§ 3. If, in the simplest observation, or in what passes for such, there is a large part which is not observation but something else; so in the simplest description of an observation, there is, and must always be, much more asserted than is contained in the perception itself. We can not describe a fact, without implying more than the fact. The perception is only of one individual thing; but to describe it is to affirm a connection between it and every other thing which is either denoted or connoted by any of the terms used. To begin with an example, than which none can be conceived more elementary: I have a sensation of sight, and I endeavor to describe it by saying that I see something white. In saying this, I do not solely affirm my sensation; I also class it. I assert a resemblance between the thing I see, and all things which I and others are accustomed to call white. I assert that it resembles them in the circumstance in which they all resemble one another, in that which is the ground of their being called by the name. This is not merely one way of describing an observation, but the only way. If I would either register my observation for my own future use, or make it known for the benefit of others, I must assert a resemblance between the fact which I have observed and something else. It is inherent in a description, to be the statement of a resemblance, or resemblances.

We thus see that it is impossible to express in words any result of observation, without performing an act possessing what Dr. Whewell considers to be characteristic of Induction. There is always something introduced which was not included in the observation itself; some conception common to the phenomenon with other phenomena to which it is compared. An observation can not be spoken of in language at all without declaring more than that one observation; without assimilating it to other phenomena already observed and classified. But this identification of an object — this recognition of it as possessing certain known characteristics — has never been confounded with Induction. It is an operation which precedes all induction, and supplies it with its materials. It is a perception of resemblances, obtained by comparison.

These resemblances are not always apprehended directly, by merely comparing the object observed with some other present object, or with our recollection of an object which is absent. They are often ascertained through intermediate marks, that is, deductively. In describing some new kind of animal, suppose me to say that it measures ten feet in length, from the forehead to the extremity of the tail. I did not ascertain this by the unassisted eye. I had a two-foot rule which I applied to the object, and, as we commonly say, measured it; an operation which was not wholly manual, but partly also mathematical, involving the two propositions, Five times two is ten, and Things which are equal to the same thing are equal to one another. Hence, the fact that the animal is ten feet long is not an immediate perception, but a conclusion from reasoning; the minor premises alone being furnished by observation of the object. Nevertheless, this is called an observation, or a description of the animal, not an induction respecting it.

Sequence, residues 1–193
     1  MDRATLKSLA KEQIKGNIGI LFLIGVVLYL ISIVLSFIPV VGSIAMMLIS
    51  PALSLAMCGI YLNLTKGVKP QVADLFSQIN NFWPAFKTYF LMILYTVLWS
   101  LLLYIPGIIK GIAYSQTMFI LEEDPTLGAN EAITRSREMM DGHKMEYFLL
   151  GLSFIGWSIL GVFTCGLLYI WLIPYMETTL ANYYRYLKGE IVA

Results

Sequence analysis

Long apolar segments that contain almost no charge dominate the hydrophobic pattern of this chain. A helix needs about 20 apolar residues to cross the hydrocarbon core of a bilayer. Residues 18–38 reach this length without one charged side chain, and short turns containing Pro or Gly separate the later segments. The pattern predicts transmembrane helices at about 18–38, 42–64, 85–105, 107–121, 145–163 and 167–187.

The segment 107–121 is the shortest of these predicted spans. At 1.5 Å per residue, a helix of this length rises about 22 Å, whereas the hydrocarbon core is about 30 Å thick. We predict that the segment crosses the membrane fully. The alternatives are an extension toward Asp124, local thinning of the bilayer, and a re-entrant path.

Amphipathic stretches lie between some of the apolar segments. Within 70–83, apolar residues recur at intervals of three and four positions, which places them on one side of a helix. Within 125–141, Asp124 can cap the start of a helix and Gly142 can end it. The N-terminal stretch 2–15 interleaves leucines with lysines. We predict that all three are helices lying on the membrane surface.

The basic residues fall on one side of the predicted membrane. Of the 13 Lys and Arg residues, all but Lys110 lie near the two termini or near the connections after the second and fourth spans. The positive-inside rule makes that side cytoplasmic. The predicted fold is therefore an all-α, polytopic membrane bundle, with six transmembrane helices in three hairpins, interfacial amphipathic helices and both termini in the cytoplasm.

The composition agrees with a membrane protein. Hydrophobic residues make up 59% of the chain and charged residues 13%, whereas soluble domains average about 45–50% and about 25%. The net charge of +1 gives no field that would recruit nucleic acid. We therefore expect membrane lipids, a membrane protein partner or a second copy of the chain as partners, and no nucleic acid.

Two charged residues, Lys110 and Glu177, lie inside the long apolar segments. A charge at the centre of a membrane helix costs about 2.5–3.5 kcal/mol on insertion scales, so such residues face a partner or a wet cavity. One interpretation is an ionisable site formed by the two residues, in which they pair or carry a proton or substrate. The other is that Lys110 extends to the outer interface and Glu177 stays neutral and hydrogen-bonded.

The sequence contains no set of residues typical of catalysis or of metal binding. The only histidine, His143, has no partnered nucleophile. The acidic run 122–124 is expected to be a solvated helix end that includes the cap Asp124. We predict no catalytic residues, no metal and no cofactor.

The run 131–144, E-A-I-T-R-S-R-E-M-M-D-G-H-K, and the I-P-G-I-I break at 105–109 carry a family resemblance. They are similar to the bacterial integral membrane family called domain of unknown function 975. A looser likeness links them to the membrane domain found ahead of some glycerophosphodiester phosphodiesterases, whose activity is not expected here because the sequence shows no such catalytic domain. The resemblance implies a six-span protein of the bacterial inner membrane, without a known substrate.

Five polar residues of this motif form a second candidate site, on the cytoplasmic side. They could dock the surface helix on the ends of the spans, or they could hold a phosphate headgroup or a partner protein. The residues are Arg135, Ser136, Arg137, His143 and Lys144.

To pass at once from a very simple to a very complex example: I affirm that the earth is globular. The assertion is not grounded on direct perception; for the figure of the earth can not, by us, be directly perceived, though the assertion would not be true unless circumstances could be supposed under which its truth could be so perceived. That the form of the earth is globular is inferred from certain marks, as for instance from this, that its shadow thrown upon the moon is circular; or this, that on the sea, or any extensive plain, our horizon is always a circle; either of which marks is incompatible with any other than a globular form. I assert further, that the earth is that particular kind of a globe which is termed an oblate spheroid; because it is found by measurement in the direction of the meridian, that the length on the surface of the earth which subtends a given angle at its centre, diminishes as we recede from the equator and approach the poles. But these propositions, that the earth is globular, and that it is an oblate spheroid, assert, each of them, an individual fact; in its own nature capable of being perceived by the senses when the requisite organs and the necessary position are supposed, and only not actually perceived because those organs and that position are wanting. This identification of the earth, first as a globe, and next as an oblate spheroid, which, if the fact could have been seen, would have been called a description of the figure of the earth, may without impropriety be so called when, instead of being seen, it is inferred. But we could not without impropriety call either of these assertions an induction from facts respecting the earth. They are not general propositions collected from particular facts, but particular facts deduced from general propositions. They are conclusions obtained deductively, from premises originating in induction: but of these premises some were not obtained by observation of the earth, nor had any peculiar reference to it.